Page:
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September 01, 2008

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cloudcover

1) I think the "bugs in amber" means that all of the past moments are trapped in our minds though I little hazy. Once again, I think it is helpful to relate the time slips to flashbacks. we all have them, it is just the more emotional ones are burned in our minds a little better, a little brighter and that is horrible if you have ever been in a situation like Billy's or the victim of anything truly horrible.
2) I can't remeber the quote. Was "Wild Bill" the person Billy "killed?"
3) "So it goes" sums up the powerlessness we all feel after a death. What can we do, "so it goes." It doesn't really convey any emotion. I like that about the statement.
4) Alot actually. Americans are a very materialistic nation because we can afford it. She doesn't know how to identify herself so she buys things to represent herself. The amount Vonnegut suggest is quite alot.
5) I think anybody can understand it, especially teenageers in a time when everything is emotional. SH5 just doesn't end on an up-swing. At least "Catcher in the Rye" has Holden deciding what to do at the end.

Once again, i think one's past has alot to play on the interpretation of the "time slips." it depends on what you have seen, heard, and done through out your life. And I do think the more emotions or the higher the emotional state plays key factor. I also thought it interesting that the "time slips" did not just apply to his past. Look at the time he spent in the zoo with the actress. At this point I think you need to question what is real at this point and what is Billy's fantasy. And if he is slipping into fantasy, why doesn't he put a twist on his past? Trapped in Amber?

What do you think of Billy's jobs through-out the book? During the war, he was a Chaplin's assistant, after the war an optro... optr... eye doctor. Did he lose his faith in God after Dresden burned? Does he see things more clearly now that he is looking back on it?

Anne

Cloudcover - great thoughts!
Did Vonnegut write the time slips as real or was this the way Billy dealt with what he saw? Was Billy having a nervous breakdown?
Did Vonnegut feel trapped in amber?
I do think Billy lost faith in God after Dresden burned or felt that God was not controlling events. The fact that he was an eye doctor I think means that he is seeing things clearer - when he mentions the story of Lot's wife, who against God's will looked back at the burning cities and was turned into a pillar of salt. He admired that her act was so human.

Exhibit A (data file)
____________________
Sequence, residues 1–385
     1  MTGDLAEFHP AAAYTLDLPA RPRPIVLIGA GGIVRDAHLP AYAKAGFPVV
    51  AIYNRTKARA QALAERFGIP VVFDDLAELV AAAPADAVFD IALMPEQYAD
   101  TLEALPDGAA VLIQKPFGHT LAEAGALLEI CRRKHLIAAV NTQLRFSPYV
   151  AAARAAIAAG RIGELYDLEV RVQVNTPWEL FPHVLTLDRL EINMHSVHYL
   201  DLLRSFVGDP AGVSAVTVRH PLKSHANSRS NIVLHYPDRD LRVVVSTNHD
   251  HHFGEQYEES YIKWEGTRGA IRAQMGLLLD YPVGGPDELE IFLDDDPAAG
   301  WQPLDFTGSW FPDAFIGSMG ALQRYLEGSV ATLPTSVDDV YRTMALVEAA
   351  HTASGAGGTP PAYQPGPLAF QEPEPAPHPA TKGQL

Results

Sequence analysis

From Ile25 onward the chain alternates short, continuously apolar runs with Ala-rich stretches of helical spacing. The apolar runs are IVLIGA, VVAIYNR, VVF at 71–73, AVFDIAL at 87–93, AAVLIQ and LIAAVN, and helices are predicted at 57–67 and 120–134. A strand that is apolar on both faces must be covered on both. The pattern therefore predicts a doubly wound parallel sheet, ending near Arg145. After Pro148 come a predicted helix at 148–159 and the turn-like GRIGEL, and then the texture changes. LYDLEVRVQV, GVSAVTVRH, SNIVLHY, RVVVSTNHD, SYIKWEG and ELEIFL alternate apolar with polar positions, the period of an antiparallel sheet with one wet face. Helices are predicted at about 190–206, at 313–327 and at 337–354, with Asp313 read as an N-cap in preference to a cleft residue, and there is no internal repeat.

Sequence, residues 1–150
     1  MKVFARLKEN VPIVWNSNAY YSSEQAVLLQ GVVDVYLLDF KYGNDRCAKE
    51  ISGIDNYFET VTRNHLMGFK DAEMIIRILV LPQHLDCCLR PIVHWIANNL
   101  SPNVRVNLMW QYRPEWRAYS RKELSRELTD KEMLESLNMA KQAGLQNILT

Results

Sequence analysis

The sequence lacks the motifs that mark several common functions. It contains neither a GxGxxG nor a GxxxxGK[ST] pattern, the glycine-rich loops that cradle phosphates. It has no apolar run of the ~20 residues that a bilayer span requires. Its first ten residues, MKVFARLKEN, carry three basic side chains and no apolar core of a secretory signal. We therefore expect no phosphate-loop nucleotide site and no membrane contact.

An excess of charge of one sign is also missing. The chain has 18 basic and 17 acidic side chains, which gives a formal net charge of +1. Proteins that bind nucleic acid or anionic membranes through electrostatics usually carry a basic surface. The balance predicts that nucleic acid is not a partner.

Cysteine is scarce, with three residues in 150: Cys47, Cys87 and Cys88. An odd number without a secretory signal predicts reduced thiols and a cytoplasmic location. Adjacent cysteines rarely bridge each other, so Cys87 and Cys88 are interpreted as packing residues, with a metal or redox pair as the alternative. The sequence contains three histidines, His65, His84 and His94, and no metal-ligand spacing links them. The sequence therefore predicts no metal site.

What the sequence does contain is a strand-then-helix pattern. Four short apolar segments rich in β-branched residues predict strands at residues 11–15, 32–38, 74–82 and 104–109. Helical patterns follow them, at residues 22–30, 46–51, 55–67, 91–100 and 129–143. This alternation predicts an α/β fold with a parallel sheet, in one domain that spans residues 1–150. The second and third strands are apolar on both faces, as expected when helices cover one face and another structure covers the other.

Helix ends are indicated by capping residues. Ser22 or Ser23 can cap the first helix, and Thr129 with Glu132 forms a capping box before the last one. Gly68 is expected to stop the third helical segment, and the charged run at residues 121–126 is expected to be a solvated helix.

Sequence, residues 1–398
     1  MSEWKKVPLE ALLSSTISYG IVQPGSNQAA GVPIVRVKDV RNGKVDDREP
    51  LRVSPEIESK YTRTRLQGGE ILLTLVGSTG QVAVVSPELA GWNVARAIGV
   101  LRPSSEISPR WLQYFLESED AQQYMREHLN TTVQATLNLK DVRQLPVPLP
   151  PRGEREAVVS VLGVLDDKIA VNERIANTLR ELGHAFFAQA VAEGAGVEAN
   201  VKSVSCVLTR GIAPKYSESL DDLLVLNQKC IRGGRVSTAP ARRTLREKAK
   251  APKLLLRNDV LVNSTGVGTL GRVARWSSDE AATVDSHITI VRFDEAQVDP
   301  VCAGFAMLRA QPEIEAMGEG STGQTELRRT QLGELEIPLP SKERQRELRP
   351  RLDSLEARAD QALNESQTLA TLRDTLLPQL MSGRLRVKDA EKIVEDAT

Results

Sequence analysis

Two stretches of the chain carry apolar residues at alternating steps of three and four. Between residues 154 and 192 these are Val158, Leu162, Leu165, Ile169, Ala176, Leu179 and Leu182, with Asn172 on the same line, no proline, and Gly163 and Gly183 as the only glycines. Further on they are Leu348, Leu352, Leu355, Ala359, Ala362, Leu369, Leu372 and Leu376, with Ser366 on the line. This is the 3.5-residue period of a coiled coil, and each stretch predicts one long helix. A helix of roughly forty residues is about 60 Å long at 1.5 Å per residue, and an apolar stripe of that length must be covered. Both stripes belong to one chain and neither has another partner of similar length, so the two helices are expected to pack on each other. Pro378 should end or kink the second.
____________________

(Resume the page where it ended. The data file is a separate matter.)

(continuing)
This book is interesting because there are so many layers to it; Vonnegut's voice and Billy's story mixing with themes of dignity, death, and what shapes us.


cloudcover

Do you feel there is anything in your past you wish you had done differently, not regrets per se, but just little things you wished you had done differently? Asking if the person in the wheelchair needed or wanted help or silently respected their independence? These are those moments I think Vonnegut was talking about being trapped in Amber. Millions of them. The bigger ones are just scarred that it would be impossible to forget.

And yes, I think Billy was having a mental breakdown brought on by the accident, yet another traumatic event in his life, and the only way to deal with it was to detact himself completly and start having "time slips" I think it is interesting that he uses the words "time slip," it conveys the idea that he completly slipped back to those moments and is reliving them just as vividly.

Anne

I believe you are correct about what it means to be trapped in amber. We all have moments in our past that we regret, and those are the things that swirl around us.

Time slips is an interesting way to put this. This book is also on the Lost book list - Desmond becomes unstuck in time and finds himself going back and forth between the future and when he is in the military. He has to find a constant (a person who knows him in both time periods) so he doesn't have a brain hemmorage from the trauma of not feeling grounded.

Anne

I spelled hemorrhage wrong - no spell check here, sorry.

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